Reading Rainbow: How to Read Code and Documentation

Short Form
Scheduled: Wednesday, June 27, 2012 from 2:30 – 3:15pm


One of the best methods for learning new coding techniques is to read open
source code. However, unlike normal books, code isn't meant to be read from
top to bottom, beginning to end. Instead, code is more like a
choose-your-own-adventure book, where each function can take you down a
different path. I'll highlight some well documented open source projects, what
makes them easy to get started for readers, and how to get started learning a
new technology. For veteran developers, this talk will point out common
pitfalls in documentation and how to avoid them for beginners.


Having worked on a wide variety of projects in different industries while
consulting with Intridea, I’ve seen a lot of time wasted onboarding developers
to new projects because of bad documentation. The same is true for open source
projects with patchy docs. In the talk, I want to go over best practices at a
high level with topics like:

  • How to explore code – in the console, in an isolated way
  • Project READMEs – what they’re for, what they should and should not include
  • Where and when to ask questions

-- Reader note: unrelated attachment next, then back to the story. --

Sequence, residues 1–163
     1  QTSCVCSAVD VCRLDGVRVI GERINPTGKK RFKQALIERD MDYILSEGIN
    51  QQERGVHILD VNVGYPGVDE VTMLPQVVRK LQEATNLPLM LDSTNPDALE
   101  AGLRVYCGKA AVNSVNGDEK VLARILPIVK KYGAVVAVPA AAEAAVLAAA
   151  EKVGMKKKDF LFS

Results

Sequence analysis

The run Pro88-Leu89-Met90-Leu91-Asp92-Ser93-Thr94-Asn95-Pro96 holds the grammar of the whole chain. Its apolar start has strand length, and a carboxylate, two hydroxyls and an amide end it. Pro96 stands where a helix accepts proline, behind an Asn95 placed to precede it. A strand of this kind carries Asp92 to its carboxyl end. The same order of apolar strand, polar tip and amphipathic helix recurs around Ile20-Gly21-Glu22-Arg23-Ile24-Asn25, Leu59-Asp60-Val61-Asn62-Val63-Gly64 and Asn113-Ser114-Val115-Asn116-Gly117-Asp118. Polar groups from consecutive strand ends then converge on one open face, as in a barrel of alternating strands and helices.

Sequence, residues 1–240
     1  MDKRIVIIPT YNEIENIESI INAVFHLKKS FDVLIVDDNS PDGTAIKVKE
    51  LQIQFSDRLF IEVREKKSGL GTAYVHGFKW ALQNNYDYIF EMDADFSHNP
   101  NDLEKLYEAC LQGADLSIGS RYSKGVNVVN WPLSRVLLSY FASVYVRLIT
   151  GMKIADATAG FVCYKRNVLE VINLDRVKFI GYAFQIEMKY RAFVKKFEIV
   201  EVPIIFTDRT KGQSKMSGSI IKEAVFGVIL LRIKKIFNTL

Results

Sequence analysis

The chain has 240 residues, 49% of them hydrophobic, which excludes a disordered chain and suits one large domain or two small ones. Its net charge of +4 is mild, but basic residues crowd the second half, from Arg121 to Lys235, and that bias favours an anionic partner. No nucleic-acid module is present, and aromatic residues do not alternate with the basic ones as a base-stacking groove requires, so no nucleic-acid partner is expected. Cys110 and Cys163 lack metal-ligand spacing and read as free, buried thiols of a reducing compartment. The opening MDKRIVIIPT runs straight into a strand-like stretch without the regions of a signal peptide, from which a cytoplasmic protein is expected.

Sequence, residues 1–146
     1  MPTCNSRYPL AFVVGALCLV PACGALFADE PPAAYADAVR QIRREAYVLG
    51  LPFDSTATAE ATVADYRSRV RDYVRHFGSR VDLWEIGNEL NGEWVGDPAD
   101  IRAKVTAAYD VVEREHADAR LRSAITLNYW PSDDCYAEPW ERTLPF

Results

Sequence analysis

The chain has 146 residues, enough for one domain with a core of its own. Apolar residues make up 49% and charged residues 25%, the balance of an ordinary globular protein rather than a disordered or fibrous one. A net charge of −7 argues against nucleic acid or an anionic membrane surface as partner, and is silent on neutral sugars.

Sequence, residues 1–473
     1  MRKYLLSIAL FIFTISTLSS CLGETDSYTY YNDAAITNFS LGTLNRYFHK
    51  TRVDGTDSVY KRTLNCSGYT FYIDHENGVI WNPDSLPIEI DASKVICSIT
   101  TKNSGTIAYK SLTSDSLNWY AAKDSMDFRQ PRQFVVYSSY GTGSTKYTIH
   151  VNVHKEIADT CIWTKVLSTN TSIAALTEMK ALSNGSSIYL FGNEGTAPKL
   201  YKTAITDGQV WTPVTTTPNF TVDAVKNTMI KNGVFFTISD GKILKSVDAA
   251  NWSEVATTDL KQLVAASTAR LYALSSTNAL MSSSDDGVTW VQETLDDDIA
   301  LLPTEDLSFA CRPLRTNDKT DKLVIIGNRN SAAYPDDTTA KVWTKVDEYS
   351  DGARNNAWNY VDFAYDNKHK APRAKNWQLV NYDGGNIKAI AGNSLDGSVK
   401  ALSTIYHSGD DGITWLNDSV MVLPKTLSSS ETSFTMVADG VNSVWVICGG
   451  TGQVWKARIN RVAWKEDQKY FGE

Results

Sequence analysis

• How to ask good questions
  • Tests – how to read test code, and how to run them
  • Ticketing systems, wiki’s – what information to capture in them, how to write good reports
  • Code documentation – tools to generate (rdoc, yard), the separation between documentation and tutorials
  • Code samples – what they should showcase, how to make them visible in the project and easy to run

Speaking experience, This talk has not been given at another conference, but I have submitted it as a proposal for other conferences.


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    Jerry Cheung



    Jerry Cheung splits his time as a co-founder of Opperator and a developer at
    Intridea. He is a co-author of the upcoming MacRuby in Action book, and likes
    contributing to open source. He’s currently dabbling in evented Ruby and Grape
    driven webapps. When he’s not coding, he stalks awesome cars in Southern
    California and writes about them in RockyRoadBlog.